I congratulate Jo Swinson on securing this debate. I thank her for the information that she shared and the Minister for her interventions. It shows the value of having intelligent debates in Westminster Hall about issues such as pensioner poverty.
It is worth recording that the state pension came about just over 100 years ago after enormous campaigning and pressure by Radical organisations, trade unions and Churches and was finally forced into being through Lloyd George's Budget. The pension had a mixed history for a long time. Although it was designed to alleviate the most appalling poverty, it never succeeded totally in doing so, as it tended to rise and fall depending on how successful or otherwise the economy was. During the deep recession of the 1930s, the pension did not go anywhere near meeting the needs of the poorest. It has always been a sticking plaster rather than a solution to the issue of pensioner poverty, as I am sure my professor colleague Steve Webb would agree.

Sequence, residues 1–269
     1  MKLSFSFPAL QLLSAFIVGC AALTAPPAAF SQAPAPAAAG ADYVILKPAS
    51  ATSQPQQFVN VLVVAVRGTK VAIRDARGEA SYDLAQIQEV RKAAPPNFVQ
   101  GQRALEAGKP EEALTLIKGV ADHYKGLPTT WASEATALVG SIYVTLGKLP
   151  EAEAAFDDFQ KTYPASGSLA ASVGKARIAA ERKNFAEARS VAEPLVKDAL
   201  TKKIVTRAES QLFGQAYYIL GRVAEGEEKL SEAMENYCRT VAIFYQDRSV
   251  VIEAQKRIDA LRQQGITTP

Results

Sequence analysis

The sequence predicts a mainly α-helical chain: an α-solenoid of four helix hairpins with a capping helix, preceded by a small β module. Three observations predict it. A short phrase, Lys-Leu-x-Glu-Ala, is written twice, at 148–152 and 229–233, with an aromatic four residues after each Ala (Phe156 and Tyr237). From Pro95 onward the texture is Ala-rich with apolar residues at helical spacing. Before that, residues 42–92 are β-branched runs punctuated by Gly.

The great step forward in pensions came in 1975, with the late Barbara Castle's heroic legislation. In the teeth of an economic problem, massive inflation rates and huge demands on public spending, she managed through force of personality to persuade the Cabinet to pass groundbreaking pensions legislation that recognised pensioner poverty as well as discrimination against women and those not in any of the then big occupational industrial pension schemes. It introduced the state earnings-related pension scheme to accommodate those who were not in any other supplementary scheme and ensured that the state pension rose year on year in line with inflation or earnings, whichever was larger.
The state pension as a proportion of average earnings rose considerably during the next five years while that link was maintained, despite all the economic problems that this country faced during that period. We should pause for a moment to recognise Barbara Castle's great work and the heroism surrounding it. It must have been extremely difficult to get such legislation through the Cabinet at the time.